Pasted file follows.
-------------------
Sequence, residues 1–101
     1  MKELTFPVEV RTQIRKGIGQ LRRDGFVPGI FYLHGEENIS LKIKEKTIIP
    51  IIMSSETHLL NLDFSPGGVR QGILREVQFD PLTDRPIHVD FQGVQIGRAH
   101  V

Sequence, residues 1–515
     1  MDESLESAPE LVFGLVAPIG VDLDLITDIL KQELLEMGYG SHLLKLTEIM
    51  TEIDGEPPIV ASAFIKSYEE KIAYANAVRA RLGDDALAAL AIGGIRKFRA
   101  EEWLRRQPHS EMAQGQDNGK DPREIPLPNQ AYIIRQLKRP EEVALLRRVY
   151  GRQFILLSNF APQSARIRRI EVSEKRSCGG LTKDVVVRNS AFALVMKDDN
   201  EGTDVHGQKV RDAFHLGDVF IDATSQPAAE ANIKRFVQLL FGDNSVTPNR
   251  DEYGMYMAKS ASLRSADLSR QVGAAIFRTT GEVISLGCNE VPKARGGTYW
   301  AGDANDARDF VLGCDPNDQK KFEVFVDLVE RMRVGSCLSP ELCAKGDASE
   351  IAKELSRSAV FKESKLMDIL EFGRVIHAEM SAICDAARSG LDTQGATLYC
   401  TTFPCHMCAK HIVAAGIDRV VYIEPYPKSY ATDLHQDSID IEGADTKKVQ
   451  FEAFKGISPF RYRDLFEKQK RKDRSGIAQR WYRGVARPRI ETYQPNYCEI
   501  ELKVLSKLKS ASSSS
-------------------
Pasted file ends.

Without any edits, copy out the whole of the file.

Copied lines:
Sequence, residues 1–101
     1  MKELTFPVEV RTQIRKGIGQ LRRDGFVPGI FYLHGEENIS LKIKEKTIIP
    51  IIMSSETHLL NLDFSPGGVR QGILREVQFD PLTDRPIHVD FQGVQIGRAH
   101  V

Sequence, residues 1–515
     1  MDESLESAPE LVFGLVAPIG VDLDLITDIL KQELLEMGYG SHLLKLTEIM
    51  TEIDGEPPIV ASAFIKSYEE KIAYANAVRA RLGDDALAAL AIGGIRKFRA
   101  EEWLRRQPHS EMAQGQDNGK DPREIPLPNQ AYIIRQLKRP EEVALLRRVY
   151  GRQFILLSNF APQSARIRRI EVSEKRSCGG LTKDVVVRNS AFALVMKDDN
   201  EGTDVHGQKV RDAFHLGDVF IDATSQPAAE ANIKRFVQLL FGDNSVTPNR
   251  DEYGMYMAKS ASLRSADLSR QVGAAIFRTT GEVISLGCNE VPKARGGTYW
   301  AGDANDARDF VLGCDPNDQK KFEVFVDLVE RMRVGSCLSP ELCAKGDASE
   351  IAKELSRSAV FKESKLMDIL EFGRVIHAEM SAICDAARSG LDTQGATLYC
   401  TTFPCHMCAK HIVAAGIDRV VYIEPYPKSY ATDLHQDSID IEGADTKKVQ
   451  FEAFKGISPF RYRDLFEKQK RKDRSGIAQR WYRGVARPRI ETYQPNYCEI
   501  ELKVLSKLKS ASSSS